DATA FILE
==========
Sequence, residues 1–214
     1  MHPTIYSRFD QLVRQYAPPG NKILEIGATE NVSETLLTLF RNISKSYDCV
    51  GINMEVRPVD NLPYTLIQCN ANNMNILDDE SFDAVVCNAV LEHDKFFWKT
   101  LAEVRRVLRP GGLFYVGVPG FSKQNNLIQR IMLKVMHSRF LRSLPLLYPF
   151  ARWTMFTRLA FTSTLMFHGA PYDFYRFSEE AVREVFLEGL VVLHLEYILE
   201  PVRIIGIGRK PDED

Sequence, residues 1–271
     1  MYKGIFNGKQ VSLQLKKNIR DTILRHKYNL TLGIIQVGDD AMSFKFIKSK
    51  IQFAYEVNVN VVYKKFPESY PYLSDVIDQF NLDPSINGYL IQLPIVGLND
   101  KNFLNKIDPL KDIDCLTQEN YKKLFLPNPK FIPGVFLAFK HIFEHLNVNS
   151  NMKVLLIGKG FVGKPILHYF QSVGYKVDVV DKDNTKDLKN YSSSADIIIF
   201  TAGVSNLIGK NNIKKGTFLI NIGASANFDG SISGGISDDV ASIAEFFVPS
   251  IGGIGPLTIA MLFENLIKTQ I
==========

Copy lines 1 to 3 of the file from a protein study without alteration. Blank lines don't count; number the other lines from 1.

Sequence, residues 1–214
     1  MHPTIYSRFD QLVRQYAPPG NKILEIGATE NVSETLLTLF RNISKSYDCV
    51  GINMEVRPVD NLPYTLIQCN ANNMNILDDE SFDAVVCNAV LEHDKFFWKT